Then the narrator says “you and me were never meant to be part of the future” and suggests how to respond to this bad news about the future: “all we have is now – all we’ve ever had was now – all we have is now all we’ll ever have is now.” This, I believe, is the central message of the album.
The second verse identifies the man from the future: “i noticed that he had a watch and hat that looked familiar/he was me/from a dimension torn free of the future.” So when he repeats “we’re not gonna make it” it may be that “we” simply means the narrator in both of his time incarnations.
OK, so if we take this literally, the self from the future comes back and warns that “we’re not going to make it” – although he comes from a dimension torn free of the future, so it’s not perfectly clear that our future is his future. Still, if we interpret this in the sci-fi context, this is where I fundamentally get the idea that Yoshimi loses her battle with the pink robots. The end comes when robots awake, try to love us, and end up wiping us out.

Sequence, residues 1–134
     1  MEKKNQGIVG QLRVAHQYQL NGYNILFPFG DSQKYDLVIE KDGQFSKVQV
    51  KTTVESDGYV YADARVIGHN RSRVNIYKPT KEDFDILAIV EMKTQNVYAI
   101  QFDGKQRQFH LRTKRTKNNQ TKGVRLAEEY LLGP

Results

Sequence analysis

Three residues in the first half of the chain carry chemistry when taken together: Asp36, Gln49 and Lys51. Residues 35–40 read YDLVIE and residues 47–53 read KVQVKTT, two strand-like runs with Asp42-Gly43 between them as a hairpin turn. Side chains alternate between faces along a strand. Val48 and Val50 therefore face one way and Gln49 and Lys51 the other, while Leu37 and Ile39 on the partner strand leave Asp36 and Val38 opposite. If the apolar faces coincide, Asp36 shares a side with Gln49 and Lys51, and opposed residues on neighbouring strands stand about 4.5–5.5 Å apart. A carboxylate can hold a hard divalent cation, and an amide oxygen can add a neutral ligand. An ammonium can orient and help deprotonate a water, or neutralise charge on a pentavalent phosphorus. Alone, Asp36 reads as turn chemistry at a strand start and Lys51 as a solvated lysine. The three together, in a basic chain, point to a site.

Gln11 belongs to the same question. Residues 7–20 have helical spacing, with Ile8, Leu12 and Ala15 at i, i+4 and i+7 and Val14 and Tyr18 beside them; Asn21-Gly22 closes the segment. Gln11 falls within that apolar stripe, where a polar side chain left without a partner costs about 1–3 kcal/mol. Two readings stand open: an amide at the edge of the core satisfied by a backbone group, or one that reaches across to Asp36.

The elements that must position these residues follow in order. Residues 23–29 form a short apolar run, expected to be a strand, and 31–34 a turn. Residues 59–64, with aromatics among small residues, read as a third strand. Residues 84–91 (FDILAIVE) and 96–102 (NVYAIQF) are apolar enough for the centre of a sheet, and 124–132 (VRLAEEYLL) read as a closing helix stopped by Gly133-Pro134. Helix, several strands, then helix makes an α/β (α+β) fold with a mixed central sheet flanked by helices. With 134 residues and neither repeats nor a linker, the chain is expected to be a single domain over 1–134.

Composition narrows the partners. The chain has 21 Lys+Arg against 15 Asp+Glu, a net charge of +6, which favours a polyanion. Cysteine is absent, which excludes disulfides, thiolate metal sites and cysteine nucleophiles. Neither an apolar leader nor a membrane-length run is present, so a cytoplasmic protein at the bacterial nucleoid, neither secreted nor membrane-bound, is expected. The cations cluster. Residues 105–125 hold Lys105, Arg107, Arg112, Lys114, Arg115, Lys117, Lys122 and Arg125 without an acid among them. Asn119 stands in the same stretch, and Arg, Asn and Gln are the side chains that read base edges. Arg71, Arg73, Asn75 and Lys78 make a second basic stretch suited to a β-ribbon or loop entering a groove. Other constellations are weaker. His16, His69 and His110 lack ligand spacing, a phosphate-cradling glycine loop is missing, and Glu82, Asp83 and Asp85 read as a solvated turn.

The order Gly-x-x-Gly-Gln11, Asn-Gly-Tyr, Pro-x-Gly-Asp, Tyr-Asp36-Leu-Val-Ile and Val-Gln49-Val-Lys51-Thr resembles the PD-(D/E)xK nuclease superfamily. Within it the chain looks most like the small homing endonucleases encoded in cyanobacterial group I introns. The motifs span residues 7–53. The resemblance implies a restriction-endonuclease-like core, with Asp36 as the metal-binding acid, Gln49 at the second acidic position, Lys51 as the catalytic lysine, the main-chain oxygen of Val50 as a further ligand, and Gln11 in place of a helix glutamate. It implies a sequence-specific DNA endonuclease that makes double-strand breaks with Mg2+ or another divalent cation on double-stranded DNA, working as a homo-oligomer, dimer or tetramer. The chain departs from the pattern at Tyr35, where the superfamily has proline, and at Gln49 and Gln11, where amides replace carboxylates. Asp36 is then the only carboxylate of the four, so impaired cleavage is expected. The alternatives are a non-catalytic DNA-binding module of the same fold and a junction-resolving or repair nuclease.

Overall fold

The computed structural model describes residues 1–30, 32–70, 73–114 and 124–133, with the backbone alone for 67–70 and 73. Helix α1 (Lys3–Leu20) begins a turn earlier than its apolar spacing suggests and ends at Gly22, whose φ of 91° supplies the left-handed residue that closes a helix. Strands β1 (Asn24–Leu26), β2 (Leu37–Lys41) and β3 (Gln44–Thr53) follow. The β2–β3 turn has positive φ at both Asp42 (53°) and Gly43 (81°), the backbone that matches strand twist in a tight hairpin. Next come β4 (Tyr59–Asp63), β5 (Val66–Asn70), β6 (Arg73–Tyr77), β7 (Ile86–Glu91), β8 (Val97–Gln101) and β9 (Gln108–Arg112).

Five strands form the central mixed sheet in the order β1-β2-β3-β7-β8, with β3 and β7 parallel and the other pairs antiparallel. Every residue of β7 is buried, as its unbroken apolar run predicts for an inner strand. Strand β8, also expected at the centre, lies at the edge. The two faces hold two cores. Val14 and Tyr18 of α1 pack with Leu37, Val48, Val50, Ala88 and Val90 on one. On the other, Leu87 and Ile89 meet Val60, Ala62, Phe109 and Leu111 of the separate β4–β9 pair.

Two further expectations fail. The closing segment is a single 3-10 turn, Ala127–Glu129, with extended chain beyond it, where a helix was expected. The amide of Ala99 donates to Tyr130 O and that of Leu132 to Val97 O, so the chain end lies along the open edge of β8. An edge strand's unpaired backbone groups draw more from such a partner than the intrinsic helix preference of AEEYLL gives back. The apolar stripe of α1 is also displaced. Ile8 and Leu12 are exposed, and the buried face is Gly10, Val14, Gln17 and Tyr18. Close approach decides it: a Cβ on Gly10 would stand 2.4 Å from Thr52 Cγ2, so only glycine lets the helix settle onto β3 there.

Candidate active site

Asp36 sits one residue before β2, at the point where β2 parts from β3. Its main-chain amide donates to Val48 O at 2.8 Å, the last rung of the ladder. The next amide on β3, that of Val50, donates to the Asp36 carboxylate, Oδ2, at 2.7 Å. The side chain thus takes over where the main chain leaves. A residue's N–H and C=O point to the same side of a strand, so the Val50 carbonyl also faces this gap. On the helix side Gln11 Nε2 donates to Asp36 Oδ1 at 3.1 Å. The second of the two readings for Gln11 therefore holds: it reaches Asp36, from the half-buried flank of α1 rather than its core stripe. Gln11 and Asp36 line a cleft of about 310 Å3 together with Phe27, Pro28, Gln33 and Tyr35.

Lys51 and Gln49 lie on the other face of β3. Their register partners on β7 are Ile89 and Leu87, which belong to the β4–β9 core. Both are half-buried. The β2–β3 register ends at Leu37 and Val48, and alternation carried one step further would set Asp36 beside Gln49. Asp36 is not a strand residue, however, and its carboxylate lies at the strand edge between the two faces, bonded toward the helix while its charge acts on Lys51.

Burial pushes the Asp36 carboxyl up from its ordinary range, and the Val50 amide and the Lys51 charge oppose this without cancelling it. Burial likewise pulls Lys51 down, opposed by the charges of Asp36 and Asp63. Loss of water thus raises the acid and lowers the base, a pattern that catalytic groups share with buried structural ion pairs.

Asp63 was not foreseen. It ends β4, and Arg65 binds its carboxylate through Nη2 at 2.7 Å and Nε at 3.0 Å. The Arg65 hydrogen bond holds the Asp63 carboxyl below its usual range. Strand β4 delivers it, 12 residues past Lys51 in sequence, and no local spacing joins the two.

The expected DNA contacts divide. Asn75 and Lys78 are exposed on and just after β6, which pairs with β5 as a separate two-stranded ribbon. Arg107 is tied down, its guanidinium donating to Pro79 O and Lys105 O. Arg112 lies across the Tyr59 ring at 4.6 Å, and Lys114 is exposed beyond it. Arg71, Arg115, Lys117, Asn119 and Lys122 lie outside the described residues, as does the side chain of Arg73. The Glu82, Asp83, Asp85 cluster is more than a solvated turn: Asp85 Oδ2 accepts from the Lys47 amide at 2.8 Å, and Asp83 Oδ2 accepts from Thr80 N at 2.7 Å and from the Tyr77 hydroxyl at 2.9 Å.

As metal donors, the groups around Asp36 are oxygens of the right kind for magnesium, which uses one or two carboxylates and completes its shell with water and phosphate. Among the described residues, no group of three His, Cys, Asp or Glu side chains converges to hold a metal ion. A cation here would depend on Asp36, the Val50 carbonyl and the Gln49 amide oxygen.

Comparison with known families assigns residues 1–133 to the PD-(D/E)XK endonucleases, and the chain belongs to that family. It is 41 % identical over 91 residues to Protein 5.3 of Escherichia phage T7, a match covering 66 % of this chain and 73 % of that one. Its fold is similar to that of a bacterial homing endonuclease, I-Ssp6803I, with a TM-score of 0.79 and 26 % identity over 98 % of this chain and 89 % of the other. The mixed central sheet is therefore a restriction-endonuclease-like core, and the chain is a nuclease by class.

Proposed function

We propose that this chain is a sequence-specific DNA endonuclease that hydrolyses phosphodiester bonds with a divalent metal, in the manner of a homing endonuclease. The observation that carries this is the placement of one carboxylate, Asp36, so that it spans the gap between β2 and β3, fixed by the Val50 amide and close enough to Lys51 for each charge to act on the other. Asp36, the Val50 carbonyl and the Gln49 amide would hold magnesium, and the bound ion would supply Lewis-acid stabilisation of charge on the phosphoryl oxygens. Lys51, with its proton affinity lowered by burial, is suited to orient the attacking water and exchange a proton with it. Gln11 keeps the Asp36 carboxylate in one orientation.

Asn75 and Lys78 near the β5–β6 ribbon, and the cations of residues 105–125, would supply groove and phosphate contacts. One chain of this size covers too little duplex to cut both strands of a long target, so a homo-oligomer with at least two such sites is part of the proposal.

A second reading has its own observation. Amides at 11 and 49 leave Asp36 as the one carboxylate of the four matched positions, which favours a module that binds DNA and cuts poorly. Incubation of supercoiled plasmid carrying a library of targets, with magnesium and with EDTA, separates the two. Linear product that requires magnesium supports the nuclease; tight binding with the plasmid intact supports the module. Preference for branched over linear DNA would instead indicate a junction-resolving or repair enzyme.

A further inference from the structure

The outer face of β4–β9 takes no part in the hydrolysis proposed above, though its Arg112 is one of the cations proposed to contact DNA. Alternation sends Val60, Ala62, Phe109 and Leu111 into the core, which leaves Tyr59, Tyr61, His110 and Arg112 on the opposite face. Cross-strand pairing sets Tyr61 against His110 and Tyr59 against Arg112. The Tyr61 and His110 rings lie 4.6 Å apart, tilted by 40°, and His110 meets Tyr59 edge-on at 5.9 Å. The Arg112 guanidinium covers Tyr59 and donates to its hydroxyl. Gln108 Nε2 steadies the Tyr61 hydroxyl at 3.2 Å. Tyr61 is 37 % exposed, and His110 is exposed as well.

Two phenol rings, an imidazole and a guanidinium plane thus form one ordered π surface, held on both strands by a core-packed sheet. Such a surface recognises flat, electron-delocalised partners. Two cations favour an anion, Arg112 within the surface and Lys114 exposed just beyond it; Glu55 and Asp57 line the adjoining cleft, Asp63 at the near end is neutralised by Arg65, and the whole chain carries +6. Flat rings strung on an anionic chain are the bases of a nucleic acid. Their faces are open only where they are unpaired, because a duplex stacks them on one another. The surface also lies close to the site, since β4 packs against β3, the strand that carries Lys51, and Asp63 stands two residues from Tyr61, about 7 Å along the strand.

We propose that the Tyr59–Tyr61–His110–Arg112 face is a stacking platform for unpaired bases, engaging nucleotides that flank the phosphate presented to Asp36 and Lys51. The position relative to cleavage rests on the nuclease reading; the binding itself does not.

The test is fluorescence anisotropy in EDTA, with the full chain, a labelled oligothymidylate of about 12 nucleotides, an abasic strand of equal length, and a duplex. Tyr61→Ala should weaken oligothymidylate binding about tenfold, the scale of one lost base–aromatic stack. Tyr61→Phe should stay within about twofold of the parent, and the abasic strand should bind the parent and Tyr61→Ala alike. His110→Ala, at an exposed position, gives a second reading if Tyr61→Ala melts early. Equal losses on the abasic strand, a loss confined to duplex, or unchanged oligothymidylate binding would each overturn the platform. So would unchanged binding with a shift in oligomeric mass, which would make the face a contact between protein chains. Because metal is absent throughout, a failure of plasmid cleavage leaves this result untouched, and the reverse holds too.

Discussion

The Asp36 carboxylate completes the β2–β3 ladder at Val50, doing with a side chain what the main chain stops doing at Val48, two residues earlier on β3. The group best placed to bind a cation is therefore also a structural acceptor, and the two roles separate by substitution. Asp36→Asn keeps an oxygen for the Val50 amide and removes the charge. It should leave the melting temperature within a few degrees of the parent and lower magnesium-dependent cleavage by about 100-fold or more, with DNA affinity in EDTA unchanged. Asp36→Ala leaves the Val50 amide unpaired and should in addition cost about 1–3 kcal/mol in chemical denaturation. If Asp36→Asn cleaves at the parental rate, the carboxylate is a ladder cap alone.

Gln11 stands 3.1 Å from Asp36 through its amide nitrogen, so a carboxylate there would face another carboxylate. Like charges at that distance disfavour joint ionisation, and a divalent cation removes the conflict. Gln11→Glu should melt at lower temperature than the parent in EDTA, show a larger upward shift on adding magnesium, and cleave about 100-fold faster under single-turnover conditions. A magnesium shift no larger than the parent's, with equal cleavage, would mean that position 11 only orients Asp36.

The other interpretation of this song fits snugly in the love context. “we’re not gonna make it” and “you and me were never meant to be part of the future” could just as well describe a relationship that is doomed. It could equally represent a man suddenly envisioning the demise of a relationship but determining to live the present reality of the relationship to its fullest, “in the now.”
Perhaps the fight-loser narrating the first song imagines returning to the past to warn his younger self to get in the game and make the most of it before everything falls apart. Is this lover imagining the sci-fi struggle as a metaphor? Are the lovers a human being and a robot? I’m so far out on a limb now that I’m going to drop this now.
11. Approaching Pavonis Mons by Balloon (Utopia Planitia)
Features “(strange talking and screaming).” Beats the shit out of me. A new start on a new planet? Just plain weirdness like everything else?
There’s probably a whole body of fan-theory on what this album is about if it’s about anything. I deliberately didn’t search out there for anyone else’s thoughts so I could try to get it down as it has seeped into my mind, a kind of crystalline multidimensional hyperreal tale-fragment.
I’d love to hear other interpretations.